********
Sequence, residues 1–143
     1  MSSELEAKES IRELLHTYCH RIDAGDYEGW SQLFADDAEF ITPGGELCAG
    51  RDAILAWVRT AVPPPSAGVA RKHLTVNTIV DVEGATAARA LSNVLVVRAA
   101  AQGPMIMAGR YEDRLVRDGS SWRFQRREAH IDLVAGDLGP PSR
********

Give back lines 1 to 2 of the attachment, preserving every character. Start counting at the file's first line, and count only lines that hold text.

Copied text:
Sequence, residues 1–143
     1  MSSELEAKES IRELLHTYCH RIDAGDYEGW SQLFADDAEF ITPGGELCAG